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Music, war, and cups

October 14, 2008

Self-imposed deprivation somehow intensifies the need for renewal. If I can’t have something new, something old must regain its original luster of importance.

What we thought might be a rehearsal for leaner times turned out to be the real thing. Income decreased, and some expenses increased, while others simply stood fast, large, and in the way. “Our better off than most” outlook gradually yielded to “not this year,” and “it can wait.” And it’s good to realize that these outlooks are certainly valid for rolling good times, too.

I think of getting a job, but this requires thinking I’m 20 and can still get into astronaut school. I have to face that my future is behind me.

We don’t need more stuff; we could use fewer expectations, and a greater sense that not all that is fruitful leads to accumulated wealth. Paying property taxes, for instance, falls into this category; but then, so does playing music.

An inconvenient convergence: property tax is due, as well as a large insurance premium and a bi-monthly utilities bill. The latter two items go on the credit card. It will likely be necessary to carry over a balance this month, something we have seldom had to do. On the other hand, the card pays cash back on all purchases, and our eventual refund will more than offset the detested interest. We affirm God’s benign providence with a “We’ll get through this.” The expression is fruitful, because it instills grit. Alas, it does not accumulate capital.

I have played the recorder since high school. I played in a Musica Antiqua consort in college. I have taught the recorder to children and adults. I still play, but I forget to, because playing is no longer structured into my routine. The other night, I took out my tenor recorder and my husband turned on the organ, and we played hymns from the Trinity Hymnal for more than an hour. I’m not sure I can still negotiate the technical passages in the Telemann trio sonatas I used to play, but at least I can play something.  I’ve accumulated no capital playing the recorder, but I have accumulated a lot of renewal for such a time as this.

Shocking revelation: I do not like to read. I really don’t, not in the least. This is probably somewhat unusual for someone with nine years of higher education. I can read, and I do, but only when there is no other way I can obtain the information I want.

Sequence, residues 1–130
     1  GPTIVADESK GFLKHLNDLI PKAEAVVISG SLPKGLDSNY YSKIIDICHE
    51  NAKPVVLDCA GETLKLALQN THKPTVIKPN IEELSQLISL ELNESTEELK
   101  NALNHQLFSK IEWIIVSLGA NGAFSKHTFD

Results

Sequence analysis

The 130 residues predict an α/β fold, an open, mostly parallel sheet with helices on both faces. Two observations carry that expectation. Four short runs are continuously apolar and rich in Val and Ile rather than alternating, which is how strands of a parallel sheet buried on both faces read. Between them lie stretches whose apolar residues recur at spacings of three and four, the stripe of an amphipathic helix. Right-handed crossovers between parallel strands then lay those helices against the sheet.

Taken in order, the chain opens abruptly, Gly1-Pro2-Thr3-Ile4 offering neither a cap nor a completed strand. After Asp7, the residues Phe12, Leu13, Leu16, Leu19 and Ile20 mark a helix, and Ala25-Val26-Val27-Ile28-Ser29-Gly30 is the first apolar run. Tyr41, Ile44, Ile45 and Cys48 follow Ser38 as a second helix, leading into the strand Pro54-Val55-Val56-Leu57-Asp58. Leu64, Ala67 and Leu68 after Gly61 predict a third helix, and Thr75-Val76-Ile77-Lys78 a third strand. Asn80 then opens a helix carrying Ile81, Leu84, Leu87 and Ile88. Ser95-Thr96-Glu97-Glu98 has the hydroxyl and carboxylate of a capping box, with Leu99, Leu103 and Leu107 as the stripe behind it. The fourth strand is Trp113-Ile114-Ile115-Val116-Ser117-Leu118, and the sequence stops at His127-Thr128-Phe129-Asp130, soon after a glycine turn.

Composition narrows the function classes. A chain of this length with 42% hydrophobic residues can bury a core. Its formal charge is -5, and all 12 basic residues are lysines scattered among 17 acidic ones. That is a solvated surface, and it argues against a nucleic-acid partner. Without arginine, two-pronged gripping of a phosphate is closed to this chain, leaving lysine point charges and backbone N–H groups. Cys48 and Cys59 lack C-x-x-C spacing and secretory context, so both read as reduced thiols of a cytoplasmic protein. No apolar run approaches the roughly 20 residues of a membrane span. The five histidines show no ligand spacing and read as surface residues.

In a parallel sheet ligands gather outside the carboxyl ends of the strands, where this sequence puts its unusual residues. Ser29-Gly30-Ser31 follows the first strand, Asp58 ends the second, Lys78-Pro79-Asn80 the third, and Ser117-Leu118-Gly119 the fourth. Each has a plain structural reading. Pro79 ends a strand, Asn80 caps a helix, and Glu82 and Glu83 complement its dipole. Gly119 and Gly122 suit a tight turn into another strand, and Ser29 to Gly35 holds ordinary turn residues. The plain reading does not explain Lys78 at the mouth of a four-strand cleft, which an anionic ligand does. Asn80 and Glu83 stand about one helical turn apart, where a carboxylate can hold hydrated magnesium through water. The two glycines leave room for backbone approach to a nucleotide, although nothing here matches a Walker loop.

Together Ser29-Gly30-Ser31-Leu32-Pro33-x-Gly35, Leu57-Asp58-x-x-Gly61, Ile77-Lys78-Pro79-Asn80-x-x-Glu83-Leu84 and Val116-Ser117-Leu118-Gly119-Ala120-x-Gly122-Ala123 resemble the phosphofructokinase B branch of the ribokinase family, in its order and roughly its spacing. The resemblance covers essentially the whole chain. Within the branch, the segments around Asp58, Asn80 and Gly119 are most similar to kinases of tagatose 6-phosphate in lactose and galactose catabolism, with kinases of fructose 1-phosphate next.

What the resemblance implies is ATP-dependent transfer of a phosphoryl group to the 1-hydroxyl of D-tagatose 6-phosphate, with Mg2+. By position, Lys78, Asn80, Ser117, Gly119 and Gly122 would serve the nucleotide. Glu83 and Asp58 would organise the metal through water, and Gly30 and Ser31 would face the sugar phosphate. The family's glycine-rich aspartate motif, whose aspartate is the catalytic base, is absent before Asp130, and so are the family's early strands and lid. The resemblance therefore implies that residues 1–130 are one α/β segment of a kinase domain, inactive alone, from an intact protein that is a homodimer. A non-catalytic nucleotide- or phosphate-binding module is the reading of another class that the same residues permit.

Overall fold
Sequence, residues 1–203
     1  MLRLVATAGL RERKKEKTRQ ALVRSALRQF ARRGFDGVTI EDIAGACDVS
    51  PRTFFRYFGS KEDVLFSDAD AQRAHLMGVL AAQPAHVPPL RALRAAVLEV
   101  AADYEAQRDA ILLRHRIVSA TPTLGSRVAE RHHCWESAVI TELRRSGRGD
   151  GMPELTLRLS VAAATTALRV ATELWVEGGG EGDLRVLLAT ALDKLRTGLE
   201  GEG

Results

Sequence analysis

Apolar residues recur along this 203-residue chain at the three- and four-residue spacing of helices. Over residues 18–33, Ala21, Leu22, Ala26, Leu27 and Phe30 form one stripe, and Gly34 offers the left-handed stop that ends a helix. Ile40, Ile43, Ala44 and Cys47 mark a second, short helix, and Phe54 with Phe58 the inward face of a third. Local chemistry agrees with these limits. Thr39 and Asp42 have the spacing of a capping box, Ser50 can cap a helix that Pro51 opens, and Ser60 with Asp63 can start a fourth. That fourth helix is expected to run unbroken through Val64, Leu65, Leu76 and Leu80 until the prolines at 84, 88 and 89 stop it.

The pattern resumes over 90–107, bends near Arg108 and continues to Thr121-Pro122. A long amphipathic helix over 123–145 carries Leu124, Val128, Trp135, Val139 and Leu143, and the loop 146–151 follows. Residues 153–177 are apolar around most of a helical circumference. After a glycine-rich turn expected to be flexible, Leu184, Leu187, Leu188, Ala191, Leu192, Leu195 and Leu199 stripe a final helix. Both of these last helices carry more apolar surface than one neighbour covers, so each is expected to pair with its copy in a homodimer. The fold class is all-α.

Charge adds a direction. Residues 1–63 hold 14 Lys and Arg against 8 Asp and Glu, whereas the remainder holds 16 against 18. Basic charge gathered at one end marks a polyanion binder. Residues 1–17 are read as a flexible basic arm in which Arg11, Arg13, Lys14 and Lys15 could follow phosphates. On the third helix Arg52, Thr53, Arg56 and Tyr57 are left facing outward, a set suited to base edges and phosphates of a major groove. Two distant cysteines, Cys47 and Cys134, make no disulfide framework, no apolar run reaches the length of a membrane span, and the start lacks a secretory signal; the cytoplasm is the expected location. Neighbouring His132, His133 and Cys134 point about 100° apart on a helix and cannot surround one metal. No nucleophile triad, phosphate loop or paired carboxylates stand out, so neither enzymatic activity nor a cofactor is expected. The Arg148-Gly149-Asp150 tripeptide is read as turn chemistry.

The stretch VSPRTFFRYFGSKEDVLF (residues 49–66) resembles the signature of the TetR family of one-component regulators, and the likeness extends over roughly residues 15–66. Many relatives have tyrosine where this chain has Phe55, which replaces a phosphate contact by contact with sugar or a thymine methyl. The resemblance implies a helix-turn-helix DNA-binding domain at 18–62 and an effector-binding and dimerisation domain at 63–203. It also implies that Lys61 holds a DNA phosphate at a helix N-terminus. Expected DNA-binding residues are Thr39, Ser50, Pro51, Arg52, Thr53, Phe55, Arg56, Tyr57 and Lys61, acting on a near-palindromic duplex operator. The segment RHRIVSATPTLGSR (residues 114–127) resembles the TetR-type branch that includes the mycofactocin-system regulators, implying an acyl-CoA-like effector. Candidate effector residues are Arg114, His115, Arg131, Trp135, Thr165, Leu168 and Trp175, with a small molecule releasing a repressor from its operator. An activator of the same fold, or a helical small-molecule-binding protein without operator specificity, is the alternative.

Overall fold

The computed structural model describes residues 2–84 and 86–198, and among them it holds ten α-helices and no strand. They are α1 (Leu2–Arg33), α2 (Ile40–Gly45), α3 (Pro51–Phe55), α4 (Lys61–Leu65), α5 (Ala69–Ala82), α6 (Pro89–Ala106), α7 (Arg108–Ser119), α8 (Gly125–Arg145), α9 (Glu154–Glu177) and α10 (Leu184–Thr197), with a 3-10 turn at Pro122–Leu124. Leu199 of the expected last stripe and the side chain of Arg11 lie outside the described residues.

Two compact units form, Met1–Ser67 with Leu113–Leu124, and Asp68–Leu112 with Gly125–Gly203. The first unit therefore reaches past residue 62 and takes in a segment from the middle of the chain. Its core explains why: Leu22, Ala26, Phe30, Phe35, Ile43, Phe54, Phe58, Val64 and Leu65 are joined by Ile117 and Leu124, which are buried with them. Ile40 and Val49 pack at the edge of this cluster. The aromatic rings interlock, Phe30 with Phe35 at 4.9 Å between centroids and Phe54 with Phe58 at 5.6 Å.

Recently I decided I wanted to know more about history, particularly the world wars, of which I knew next to nothing. The idea of reading about them was daunting. I always enjoyed ancient history, but modern history was my least favorite subject.

The library had DVDs of The Winds of War and War and Remembrance. I don’t require expertise in these things, I only wished to know more about them. I loved the series. I finally understood something about the interplay of the different fronts and battles of World War II, and America’s role in the War, and why we entered when we did and not before. I’m not scholarly or even conversant on the subject, but more edified than I was. Like resuming my musical avocation, this provided a sense of renewal when our budget disallowed anything new. Watching the series was fruitful although it did not build capital.

I have a pair of demitasse cups that I bought when I was in college. They are hand-painted, by Herend of Hungary. I bought them at a spiffy crystal and china shop in Santa Barbara, a luxury somehow affordable, probably with a wad of birthday money. I think they were $20 apiece, and somehow it didn’t seem like much at the time, or in any case, they were worth it.

I looked up Herend online, and discovered that they still make my very cups. They have made them since 1860, and the patterns were a favorite of the Russian imperial court. I finally learned the names of the patterns, the Rothschild Bird and Fruits and Flowers. The cups and saucers are now sold separately. The two cups and saucers I have would now cost $375. I would never be able to buy them again. Just wrapping them carefully through the subsequent 18 moves I have made since acquiring them has paid off.

My Hungarian cups are vaults of aesthetic bliss. No new cup could ever be so satisfying. Memories and their accompanying tangibles are spiritual and capital riches.

One Comment
  1. Laura permalink
    October 14, 2008 2:24 pm

    From one in the throes of a relatively minimalistic, local move:
    18 MOVES???????????

    Congratulations on keeping the cups (and apparently your sanity) intact. This was a delightful post to read, the cause of it notwithstanding. “Godliness with contentment is great gain.”

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